Bardia National Park – Nepal - Atlas Obscura

Bardia National Park

This park is the prime habitat for Nepal’s Bengal tigers. 

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A little more than 60 Royal Bengal tigers roam Bardia National Park, around one-fourth the total tiger population in Nepal. Together with the adjacent Banke National Park, Bardia forms part of the 860 square mile Tiger Conservation Unit, where visitors have a sporting chance of seeing the usually elusive great cats in the wild.

Because it’s more remote than the better known Chitwan National Park, few people visit the less developed Bardia, allowing flora and fauna to flourish. Tigers and one-horned rhinos are especially abundant here, but more than 50 other mammals call Bardia home. These include the Gangetic river dolphin, swamp deer, and wild elephants.

Additionally, the park is a birder’s paradise with more than 400 species having been recorded within the park. Mugger crocodiles, and their pointy-nosed cousins the gharial, also lurk in the Babai River where their critically endangered population is starting to recover.

The park began as a royal hunting ground and was later transformed into a larger reserve. It was named a national park in 1988. To create the reserve, over 1,500 households were moved to establish the nearly 250,000-acre park, but despite this, the region is culturally rich. 

In particular, the indigenous Dangaura Tharu people occupy the surrounding area around Nepal’s Terai region. With such a vibrant natural setting, it’s no surprise that the Tharu are animists whose generations of isolation led to a culture and language distinct from other prominent Nepali groups.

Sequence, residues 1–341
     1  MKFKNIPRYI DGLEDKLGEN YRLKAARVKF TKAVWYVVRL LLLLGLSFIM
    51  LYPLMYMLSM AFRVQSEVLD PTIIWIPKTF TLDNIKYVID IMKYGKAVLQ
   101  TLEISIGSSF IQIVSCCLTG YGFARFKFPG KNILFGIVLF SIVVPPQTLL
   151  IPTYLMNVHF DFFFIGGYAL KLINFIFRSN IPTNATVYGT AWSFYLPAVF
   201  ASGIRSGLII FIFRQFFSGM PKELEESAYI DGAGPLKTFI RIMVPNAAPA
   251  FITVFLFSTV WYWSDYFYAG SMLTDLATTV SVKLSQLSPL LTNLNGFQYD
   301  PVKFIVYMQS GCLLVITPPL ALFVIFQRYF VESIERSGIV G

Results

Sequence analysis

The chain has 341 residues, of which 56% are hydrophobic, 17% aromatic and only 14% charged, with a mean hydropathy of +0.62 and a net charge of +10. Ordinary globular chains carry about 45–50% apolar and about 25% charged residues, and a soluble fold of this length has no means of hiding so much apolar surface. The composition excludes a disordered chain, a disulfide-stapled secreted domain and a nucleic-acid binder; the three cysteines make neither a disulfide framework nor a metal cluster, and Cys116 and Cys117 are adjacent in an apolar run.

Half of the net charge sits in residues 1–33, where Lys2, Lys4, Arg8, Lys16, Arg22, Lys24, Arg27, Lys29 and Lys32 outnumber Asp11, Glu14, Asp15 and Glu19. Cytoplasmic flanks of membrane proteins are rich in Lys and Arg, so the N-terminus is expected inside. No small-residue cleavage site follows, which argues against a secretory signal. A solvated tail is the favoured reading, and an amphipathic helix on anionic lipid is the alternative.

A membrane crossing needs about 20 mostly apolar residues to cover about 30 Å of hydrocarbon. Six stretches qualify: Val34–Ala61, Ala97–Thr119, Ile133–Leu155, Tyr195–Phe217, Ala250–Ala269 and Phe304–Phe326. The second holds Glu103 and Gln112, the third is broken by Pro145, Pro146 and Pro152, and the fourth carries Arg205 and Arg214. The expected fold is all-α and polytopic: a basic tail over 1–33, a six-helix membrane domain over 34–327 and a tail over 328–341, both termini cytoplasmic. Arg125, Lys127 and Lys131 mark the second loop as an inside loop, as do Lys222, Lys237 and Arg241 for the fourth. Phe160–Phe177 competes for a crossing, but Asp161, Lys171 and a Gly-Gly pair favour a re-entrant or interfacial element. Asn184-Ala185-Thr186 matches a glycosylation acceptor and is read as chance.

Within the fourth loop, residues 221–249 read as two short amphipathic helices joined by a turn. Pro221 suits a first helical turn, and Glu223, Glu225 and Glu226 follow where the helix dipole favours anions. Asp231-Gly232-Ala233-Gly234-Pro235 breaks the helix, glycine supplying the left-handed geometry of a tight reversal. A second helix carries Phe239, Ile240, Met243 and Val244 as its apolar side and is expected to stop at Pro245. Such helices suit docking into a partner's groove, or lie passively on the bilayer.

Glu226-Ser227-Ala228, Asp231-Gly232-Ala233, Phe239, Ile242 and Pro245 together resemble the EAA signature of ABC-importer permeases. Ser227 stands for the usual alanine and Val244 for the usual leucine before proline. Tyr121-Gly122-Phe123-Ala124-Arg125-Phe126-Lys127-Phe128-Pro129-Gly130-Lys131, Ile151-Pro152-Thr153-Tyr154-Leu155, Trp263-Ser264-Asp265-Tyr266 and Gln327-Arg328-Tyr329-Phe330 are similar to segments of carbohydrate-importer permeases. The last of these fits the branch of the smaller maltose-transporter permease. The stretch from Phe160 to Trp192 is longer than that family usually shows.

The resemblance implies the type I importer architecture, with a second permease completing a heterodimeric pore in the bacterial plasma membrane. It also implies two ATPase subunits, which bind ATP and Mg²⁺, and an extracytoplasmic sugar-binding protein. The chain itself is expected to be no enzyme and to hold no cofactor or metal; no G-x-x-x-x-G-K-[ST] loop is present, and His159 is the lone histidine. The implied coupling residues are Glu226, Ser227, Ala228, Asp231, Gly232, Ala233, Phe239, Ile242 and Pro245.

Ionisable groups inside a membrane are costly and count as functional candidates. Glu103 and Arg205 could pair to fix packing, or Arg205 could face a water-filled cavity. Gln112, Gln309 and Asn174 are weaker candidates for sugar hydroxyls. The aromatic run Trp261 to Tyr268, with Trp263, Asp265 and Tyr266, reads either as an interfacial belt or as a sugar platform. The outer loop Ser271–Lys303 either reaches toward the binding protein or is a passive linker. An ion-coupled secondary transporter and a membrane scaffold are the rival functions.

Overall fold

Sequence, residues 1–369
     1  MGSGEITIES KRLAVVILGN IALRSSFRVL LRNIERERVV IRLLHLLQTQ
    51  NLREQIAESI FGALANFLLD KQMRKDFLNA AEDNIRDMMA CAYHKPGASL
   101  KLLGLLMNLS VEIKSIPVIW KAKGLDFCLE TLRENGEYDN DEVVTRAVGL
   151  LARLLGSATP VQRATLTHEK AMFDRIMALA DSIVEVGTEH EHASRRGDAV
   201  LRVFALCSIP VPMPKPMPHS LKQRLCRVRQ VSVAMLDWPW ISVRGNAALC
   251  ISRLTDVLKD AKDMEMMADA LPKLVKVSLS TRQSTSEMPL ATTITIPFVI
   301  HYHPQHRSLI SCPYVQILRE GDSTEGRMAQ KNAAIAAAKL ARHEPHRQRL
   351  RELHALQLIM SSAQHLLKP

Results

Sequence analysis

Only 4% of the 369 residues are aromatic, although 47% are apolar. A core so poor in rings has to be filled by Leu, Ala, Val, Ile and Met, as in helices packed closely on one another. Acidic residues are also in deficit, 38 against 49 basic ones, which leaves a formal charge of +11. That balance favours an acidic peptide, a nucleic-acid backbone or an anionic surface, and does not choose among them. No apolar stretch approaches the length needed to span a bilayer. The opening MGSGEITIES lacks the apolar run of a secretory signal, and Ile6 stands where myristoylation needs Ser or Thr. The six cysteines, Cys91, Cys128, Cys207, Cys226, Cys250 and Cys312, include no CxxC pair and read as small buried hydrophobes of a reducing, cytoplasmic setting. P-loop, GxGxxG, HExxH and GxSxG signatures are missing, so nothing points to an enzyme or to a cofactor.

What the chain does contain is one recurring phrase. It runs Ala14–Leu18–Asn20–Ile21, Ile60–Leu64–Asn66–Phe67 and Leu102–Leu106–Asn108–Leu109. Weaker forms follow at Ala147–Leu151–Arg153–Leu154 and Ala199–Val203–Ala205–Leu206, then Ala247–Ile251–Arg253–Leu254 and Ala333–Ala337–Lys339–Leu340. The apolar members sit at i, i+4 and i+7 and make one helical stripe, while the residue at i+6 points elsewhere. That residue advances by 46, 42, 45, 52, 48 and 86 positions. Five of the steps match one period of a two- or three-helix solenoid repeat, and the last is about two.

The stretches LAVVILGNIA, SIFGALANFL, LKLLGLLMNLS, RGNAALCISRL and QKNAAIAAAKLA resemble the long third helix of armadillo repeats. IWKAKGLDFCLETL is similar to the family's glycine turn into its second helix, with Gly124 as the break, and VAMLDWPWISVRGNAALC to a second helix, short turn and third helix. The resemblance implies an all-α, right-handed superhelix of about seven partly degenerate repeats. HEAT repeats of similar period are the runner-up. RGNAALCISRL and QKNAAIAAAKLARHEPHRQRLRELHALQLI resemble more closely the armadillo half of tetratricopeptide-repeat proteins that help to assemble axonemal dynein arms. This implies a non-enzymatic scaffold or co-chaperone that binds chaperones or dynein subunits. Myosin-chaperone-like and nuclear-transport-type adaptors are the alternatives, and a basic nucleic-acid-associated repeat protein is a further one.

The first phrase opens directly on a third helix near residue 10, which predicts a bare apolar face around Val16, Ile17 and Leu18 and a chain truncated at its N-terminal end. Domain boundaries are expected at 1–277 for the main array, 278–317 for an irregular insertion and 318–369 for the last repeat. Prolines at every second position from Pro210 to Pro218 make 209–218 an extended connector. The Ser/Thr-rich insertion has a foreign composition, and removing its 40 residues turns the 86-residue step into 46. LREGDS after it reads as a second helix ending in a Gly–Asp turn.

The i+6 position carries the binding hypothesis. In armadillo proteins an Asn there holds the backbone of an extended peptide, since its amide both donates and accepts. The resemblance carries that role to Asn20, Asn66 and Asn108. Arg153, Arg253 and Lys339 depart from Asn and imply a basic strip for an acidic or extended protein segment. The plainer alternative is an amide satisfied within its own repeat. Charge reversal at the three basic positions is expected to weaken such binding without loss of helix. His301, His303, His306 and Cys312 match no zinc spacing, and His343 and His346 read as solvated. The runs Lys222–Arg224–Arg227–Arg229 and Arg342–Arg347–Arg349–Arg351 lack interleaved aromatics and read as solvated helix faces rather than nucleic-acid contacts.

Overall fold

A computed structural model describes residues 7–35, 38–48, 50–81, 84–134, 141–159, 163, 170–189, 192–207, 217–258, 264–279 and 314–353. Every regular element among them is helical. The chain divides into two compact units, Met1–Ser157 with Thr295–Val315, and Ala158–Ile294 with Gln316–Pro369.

The increase in both the tiger and human populations over the past few decades has unfortunately resulted in increased violent interactions near Bardia.

In 2020, two Tharu men who ventured from their nearby farms into the dense jungle were killed by a tiger. The Indian side of the border has also experienced tiger attacks near the neighboring Katarniaghat Wildlife Sanctuary.

To keep things in perspective, the total tiger population is approximately 3,500 with around 250 in Nepal and 3,250 in India. Nepal’s human population is around 29 million, while India’s is 1.3 billion.

Know Before You Go

Getting to Bardia typically involves taking a local flight into the town of Nepalgunj and then driving 2-3 hours to the park.